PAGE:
But we don’t have a choice about whether or not to make that choice. We can refuse it repeatedly, put it off indefinitely, but eventually we have to decide. And every time Jesus confronts us with that choice, he calls us into crisis. Whether we say yes or no, something changes in us for better or for worse.

One purpose of Matthew’s story about the wisemen is to assure (or warn) us that no one escapes that choice. To all of us, sooner or later, and repeatedly, God sends some kind of “star” inviting us to enter into relationship with Jesus Christ. If we say yes, we become divine. If we say no, we are rejecting, not only divine life, but human life as well. We are refusing the responsibility of being human.

Humans are created to know and to choose. That is why we have intellects and wills. To refuse to use either one is a rejection of our humanity. Our intellects are designed to know truth. If we reject divine Truth when it is offered to us, we are acting against our human nature. Our wills were designed to desire and choose the good our intellects present to us. If infinite Good is offered to us and we reject it, we are acting contrary to human nature.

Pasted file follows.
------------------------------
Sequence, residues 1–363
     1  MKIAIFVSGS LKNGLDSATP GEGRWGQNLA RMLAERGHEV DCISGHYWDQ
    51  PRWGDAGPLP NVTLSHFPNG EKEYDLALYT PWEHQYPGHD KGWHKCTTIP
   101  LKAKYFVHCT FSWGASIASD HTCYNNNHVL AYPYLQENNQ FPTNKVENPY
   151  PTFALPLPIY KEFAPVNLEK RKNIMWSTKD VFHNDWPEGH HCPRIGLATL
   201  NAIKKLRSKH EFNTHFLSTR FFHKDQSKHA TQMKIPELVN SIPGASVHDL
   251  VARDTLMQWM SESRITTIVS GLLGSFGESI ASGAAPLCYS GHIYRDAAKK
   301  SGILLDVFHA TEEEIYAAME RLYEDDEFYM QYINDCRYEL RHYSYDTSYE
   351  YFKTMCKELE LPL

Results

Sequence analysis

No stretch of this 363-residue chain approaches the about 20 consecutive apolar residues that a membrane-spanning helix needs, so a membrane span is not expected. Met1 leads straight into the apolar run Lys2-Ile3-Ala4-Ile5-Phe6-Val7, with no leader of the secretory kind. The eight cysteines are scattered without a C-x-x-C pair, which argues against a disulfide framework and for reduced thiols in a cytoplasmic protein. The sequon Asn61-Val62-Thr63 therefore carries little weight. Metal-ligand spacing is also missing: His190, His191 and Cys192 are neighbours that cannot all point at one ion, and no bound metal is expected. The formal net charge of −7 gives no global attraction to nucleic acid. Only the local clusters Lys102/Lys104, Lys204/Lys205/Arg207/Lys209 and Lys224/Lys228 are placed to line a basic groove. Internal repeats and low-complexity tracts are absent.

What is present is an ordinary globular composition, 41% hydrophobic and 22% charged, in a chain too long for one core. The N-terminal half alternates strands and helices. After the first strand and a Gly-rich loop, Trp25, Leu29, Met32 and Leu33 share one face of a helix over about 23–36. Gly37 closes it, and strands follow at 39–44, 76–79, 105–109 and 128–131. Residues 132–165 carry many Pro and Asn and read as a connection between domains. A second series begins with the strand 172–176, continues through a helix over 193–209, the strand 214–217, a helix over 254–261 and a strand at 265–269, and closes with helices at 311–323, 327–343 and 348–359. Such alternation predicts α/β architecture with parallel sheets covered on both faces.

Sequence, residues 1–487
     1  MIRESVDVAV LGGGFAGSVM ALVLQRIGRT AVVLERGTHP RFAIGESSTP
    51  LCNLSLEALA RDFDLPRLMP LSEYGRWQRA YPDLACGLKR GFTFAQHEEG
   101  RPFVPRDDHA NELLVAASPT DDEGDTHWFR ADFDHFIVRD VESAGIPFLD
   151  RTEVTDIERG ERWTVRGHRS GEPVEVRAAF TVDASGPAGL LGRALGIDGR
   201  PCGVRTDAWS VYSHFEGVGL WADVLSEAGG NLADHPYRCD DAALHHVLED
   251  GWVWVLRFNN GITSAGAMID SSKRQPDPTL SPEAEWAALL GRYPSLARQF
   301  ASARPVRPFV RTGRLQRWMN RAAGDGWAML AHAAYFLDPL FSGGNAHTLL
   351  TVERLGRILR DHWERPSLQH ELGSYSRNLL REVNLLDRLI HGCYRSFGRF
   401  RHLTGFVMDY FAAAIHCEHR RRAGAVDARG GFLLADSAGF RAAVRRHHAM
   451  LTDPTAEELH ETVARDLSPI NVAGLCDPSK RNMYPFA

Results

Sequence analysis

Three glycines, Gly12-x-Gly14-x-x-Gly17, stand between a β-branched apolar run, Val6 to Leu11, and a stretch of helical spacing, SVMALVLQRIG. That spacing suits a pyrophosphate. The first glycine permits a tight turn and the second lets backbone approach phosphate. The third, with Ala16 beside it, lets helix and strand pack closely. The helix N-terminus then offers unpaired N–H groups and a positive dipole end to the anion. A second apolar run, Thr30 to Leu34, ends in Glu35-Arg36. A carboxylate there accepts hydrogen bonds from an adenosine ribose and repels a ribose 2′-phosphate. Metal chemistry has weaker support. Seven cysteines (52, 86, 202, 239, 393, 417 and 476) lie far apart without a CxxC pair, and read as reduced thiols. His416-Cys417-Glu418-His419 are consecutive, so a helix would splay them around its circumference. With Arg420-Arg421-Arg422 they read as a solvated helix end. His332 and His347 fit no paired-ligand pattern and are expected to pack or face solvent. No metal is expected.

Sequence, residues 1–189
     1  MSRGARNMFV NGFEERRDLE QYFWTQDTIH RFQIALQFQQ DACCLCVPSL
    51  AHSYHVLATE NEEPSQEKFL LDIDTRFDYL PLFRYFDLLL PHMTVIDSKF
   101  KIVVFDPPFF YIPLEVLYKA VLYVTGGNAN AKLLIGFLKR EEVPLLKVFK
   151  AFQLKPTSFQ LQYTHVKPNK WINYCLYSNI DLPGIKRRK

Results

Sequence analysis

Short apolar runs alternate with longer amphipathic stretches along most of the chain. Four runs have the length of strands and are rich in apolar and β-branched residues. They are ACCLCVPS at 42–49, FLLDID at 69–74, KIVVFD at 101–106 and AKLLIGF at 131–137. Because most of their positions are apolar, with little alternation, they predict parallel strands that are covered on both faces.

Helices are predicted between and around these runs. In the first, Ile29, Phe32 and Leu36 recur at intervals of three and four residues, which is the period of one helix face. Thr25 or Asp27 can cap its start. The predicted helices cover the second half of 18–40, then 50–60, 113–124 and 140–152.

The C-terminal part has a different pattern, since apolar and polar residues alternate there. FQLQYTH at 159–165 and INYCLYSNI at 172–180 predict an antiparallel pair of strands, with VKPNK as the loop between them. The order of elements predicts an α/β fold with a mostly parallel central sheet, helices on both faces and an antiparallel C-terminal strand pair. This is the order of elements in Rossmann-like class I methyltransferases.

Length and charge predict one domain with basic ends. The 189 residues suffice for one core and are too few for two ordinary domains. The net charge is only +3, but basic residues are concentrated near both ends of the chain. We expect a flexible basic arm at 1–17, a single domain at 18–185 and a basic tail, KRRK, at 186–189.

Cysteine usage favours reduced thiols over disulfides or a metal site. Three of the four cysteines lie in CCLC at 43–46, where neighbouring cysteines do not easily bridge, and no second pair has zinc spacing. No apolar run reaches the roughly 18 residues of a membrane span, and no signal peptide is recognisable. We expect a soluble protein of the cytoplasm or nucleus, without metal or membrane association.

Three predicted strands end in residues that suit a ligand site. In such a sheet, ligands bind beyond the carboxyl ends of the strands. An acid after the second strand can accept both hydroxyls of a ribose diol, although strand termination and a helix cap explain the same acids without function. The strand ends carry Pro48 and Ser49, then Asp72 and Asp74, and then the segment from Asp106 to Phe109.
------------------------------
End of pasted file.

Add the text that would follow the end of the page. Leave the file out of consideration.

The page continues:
God respects our freedom. When he offers us divine Truth and Goodness, he does not overwhelm us with such total clarity and irresistible desire that we cannot say no. We do not encounter him in all of his infinite Truth, Goodness, and Beauty. Instead he sends us “messengers”: a star, the words of Scripture, the Word made flesh in the humanity of Jesus. To all of these it is possible for us to say no. But in calling us to make a choice, God summons us to the fullness of human life as well as divine.

The paradox is, we have to “die” to our human life in order to live it fully. To know the divine Truth of God, which only God can know, we have to die to our human way of knowing, to our human guidance system, and accept to know by the divine light of Faith. Faith is the gift of sharing in God’s own act of knowing.